Saturday, January 14, 2023

Design for the User, Not the Developer

One of my past jobs was at a company that provided legally mandated continuing education courses to securities and insurance reps. Each client's compliance officers needed on-demand reports of student progress and annual reports of compliance status. Knowing these reports were going to be used rarely, but needed to be easy to use when they WERE needed, I worked with several of our clients to build a handful of canned reports that would meet their needs. Some massaging was needed every few years, but the clients were happy. It took them all of five minutes to get the reports that contained the data they needed in the format they needed.

Then came a new bungee boss to run IT. He decided to replace my simple reporting program with a complicated one that involved several steps to add the data you needed. It exposed literally every piece of student information in the system in a complex series of drop-down menus to generate the reports.

The clients HATED it. One of our bigger clients refused to use it because it allowed them to report on how many times a rep had taken the exam before passing. They said they couldn't accept the liability of being able to, in the example they gave, find out a rep needed 45 attempts to pass the ethics exam. They wanted a pass/fail. They didn't even want to know the actual score.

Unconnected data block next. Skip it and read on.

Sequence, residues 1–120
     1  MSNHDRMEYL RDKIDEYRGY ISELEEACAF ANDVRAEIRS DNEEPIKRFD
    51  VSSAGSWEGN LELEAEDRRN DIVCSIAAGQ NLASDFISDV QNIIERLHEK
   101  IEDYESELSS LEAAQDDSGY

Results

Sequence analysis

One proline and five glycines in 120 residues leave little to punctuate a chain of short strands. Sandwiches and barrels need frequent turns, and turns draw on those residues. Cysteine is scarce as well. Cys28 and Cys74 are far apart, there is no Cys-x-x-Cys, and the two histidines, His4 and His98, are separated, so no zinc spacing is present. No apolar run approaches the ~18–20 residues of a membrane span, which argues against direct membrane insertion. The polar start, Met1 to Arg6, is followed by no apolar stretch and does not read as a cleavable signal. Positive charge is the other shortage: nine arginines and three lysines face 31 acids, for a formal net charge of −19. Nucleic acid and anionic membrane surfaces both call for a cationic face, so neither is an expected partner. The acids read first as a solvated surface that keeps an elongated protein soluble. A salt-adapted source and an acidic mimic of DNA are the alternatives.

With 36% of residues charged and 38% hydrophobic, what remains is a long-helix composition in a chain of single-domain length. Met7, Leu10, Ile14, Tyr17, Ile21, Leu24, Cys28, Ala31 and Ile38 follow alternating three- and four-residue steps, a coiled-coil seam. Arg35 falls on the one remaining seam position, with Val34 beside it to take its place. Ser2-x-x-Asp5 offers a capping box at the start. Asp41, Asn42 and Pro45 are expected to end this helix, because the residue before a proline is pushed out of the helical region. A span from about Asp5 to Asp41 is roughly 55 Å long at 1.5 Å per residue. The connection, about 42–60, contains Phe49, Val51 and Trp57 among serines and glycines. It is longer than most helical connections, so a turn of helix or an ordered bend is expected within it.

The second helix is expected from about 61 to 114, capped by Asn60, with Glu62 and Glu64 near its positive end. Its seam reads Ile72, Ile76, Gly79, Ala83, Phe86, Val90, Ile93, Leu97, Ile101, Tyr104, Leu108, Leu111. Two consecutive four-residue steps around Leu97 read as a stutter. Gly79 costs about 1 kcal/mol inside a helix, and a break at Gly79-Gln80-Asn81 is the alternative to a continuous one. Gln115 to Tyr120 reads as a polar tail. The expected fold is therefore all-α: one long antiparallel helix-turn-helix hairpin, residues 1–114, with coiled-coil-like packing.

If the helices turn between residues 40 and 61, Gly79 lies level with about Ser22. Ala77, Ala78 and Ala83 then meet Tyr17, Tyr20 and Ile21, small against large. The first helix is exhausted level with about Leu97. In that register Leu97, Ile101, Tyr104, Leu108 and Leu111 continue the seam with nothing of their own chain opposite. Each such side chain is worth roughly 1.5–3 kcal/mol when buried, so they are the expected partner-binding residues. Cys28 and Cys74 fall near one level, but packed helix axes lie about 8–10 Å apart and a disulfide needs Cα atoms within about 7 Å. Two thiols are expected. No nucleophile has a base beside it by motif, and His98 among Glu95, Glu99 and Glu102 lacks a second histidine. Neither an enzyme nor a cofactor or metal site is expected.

The bungee boss was FURIOUS clients kept demanding my interface instead of his.

"They just need to learn how to use it!" Bungee Boss cried.

"They only use it once a year," I tried to explain. "And they're not IT people."

In the end he just deleted my interface from the system and replaced it with his. The company lost quite a few clients the following year. Bungee Boss convinced the company owner that the reporting changes were not the cause, even though many of the clients who'd left had been part of multi-hour support calls to get the reports they needed.

Wednesday, January 11, 2023

Disapproving AI Bunny


I've been playing with AI generated images. One thing I've been doing is exploring "models." Models are trained on different image sets. I've been thinking of trying to build my own models using only public domain images as a way to address one of the ethical issues with models trained on images not licensed for that purpose. As part of this exploration I've been using the reference phrase "disapproving bunny" and the seed of 8675309 on different models to see how different the results can be. The results have been interesting.

Before settling on the shorter "disapproving bunny" as my reference phrase I generated a few with the phrase, "Reference image of a disapproving bunny created by different models." The results were a bit more varied.